|Tags: Brittany Murphy, Deadline, DVD, Enso Entertainment, Films In Motion, First Look Studios, ghosts, haunting, KRU Studio, Marc Blucas, psychological, Sean McConville, Tammy Blanchard, Thora Birch, thriller, writer|
Cast:Brittany Murphy, Thora Birch, Tammy Blanchard, Marc Blucas
Oh the tragic life of Brittany Murphy. Not only did she die way before her time, but her once promising film career had been reduced to a string of dismissible straight to video indies and an awful Asylum produced SyFy spectacle (how I loathe thee, Megafault). Deadline was a film that I blind bought a few months back when it first came out because A.) it was on sale, and B.) I’ve always had a soft spot for Ms. Murphy…or should I say a hard spot. After her untimely passing I remembered the movie was sitting on the shelf and finally decided to pop it in. While it walks a fine line between haunted house film and melodramatic Lifetime movie, Deadline has a professional, fluid style that helps elevate it into a just slightly above average ghost flick.
Murphy plays Alice, a screenwriter (that may or may not be playing a game of scissors with her too close for comfort personal assistant) who has a deadline fast approaching. Recovering from a psychologically damaging event with an ex boyfriend, Alice takes up residence in an old plantation home where she can write in peace. After a little tinker around the old household, she discovers a box full of tapes recorded by the home’s previous inhabitants, Lucy and David. Through these tapes she witnesses the couple’s relationship deteriorate into jealousy and desperation and it isn’t long before she becomes haunted by what may be the royally pissed off spirit of Lucy.
Writer/Director Sean McConville wisely chose a more classic approach to telling his ghost story. There’s a lot of reliance on creaking floor boards and disembodied whispers as opposed to an overabundance of jump scares and CGI ghosts. The foreboding atmosphere was increased by the always moving camera. In what seemed like never ending dolly shots, the picture was always moving and helped prevent the long, tension building scenes from becoming too much of a snore.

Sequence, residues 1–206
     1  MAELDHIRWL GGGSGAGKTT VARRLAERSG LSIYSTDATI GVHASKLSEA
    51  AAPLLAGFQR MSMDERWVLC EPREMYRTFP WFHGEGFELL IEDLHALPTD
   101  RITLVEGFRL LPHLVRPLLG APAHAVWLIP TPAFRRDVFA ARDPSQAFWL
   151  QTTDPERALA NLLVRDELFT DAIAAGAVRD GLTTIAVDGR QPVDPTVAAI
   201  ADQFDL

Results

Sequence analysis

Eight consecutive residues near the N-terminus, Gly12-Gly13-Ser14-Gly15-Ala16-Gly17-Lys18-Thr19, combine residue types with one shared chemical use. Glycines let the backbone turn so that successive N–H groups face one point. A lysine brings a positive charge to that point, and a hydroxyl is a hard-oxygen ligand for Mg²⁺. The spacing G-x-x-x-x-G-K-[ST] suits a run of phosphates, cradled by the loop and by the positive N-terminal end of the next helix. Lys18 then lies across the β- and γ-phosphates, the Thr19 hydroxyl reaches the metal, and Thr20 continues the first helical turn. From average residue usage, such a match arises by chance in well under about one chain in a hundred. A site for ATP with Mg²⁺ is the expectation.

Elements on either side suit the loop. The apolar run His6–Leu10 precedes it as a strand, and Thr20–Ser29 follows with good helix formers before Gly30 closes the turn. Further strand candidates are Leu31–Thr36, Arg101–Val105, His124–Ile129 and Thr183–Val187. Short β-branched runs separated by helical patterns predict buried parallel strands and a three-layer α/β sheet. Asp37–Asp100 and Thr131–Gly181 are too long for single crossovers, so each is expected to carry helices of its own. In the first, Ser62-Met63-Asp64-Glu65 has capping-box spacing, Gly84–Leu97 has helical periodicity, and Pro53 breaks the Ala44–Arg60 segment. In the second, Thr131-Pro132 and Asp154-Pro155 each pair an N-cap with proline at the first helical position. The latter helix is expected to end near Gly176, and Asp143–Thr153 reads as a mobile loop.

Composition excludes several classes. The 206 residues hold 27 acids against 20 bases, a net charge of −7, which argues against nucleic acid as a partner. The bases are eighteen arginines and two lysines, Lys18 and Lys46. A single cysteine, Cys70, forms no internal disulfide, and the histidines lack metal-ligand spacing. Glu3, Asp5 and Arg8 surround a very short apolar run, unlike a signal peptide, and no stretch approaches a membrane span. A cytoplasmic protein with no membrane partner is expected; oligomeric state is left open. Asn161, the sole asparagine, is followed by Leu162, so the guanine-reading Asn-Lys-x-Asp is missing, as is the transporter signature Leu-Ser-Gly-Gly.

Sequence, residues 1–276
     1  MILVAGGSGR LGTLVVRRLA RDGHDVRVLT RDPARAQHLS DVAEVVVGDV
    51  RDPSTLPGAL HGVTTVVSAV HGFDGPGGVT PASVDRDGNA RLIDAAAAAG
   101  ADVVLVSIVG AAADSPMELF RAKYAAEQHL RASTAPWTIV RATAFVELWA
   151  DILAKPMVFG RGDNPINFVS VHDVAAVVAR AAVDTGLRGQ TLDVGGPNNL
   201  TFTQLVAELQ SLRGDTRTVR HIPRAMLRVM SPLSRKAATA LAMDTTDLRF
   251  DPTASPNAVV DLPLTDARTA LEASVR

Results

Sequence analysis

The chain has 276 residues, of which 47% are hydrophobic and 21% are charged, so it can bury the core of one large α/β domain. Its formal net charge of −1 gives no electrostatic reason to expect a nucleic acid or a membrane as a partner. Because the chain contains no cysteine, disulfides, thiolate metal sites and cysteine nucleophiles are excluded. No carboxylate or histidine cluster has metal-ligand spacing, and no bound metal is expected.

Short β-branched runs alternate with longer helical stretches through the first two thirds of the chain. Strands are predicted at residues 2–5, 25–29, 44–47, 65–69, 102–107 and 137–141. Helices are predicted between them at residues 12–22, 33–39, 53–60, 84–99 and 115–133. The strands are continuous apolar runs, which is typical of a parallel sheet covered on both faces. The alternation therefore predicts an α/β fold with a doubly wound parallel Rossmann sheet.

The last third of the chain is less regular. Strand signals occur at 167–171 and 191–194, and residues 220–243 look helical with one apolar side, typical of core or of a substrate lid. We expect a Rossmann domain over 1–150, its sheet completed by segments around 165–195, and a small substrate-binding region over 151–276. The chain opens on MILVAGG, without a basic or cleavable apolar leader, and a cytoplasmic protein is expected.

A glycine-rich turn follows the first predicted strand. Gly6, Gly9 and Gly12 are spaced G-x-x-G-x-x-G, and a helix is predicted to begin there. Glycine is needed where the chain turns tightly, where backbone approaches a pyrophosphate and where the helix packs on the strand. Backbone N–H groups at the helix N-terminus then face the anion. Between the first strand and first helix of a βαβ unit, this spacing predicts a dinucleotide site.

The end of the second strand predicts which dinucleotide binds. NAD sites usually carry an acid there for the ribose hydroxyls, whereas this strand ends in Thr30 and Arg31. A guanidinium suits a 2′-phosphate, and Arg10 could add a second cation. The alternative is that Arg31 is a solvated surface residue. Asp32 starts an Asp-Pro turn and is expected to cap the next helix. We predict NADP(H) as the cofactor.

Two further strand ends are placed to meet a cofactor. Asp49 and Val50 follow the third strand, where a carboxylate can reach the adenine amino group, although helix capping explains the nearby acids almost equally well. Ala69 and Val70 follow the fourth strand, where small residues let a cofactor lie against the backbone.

Unfortunately, not every choice by the director was made beneficial to my viewing experience. There were two effects enhanced jump scares that felt completely out of place and did nothing for the film except distract from the established style. The easiest way to make a low budget film within a timely fashion is to have the least amount of locations possible which I’m sure is why, despite Alice being in a behemoth of a mansion, she rarely ventures away from three main rooms. Cinematographer Ross Richardson did a commendable job of setting up the shots in a way that you wouldn’t be sick to death of seeing the same rooms over and over again, but it still felt redundant by the end. In the third act we finally leave the house and explore some of the grounds outside which were much more visually interesting and really gave them a chance to amp up the lighting style. Too bad more of the movie couldn’t take place in this location.
McConville definitely shows promise as a director, but his writing skills are seriously lacking. From the description on the back cover I knew exactly how the resolution of the film would play out, and I’m sure you will as well. I was hoping that there would be an last minute twist to prove me wrong, but alas there was no such revelation. The story of Lucy and David was way too movie-of-the-week for my tastes with David's descent into Ike Turner was both rushed and implausible.
Thora Birch continues to dabble within our beloved genre with mixed results, but comes off rather unscathed as Lucy. She doesn’t have the strongest material to work with, but does an adequate job none the less. Marc Blucas as her husband David doesn’t do as well. Not only does he have the most underwritten character, but he’s just not that good of an actor. All my fellow Buffy fans will remember him in season five as Buffy’s most hated boyfriend, Riley. He was about as fun as colonoscopy. Well, he sadly hasn’t improved from his days at U.C. Sunnydale. As for Ms. Murphy, she spends most of her screen time alone in the house and does a serviceable job of keeping the audience’s attention throughout the slow burning film. It’s not her greatest performance by any means, but she has enough on-screen presence and charisma to carry the material.
While the story suffers from a serious lack of originality, the movie as a whole is saved by a strong direction style that relies more on old school haunted house scares to bring us a slightly better than expected thriller deserving of a low end six rating. While there’s nothing overtly outstanding about the film, there’s also nothing strikingly repugnant about it either. If nothing else, it’s harmlessly entertaining.
|Posted on January 9, 2010 - 9:06pm | Johnny D|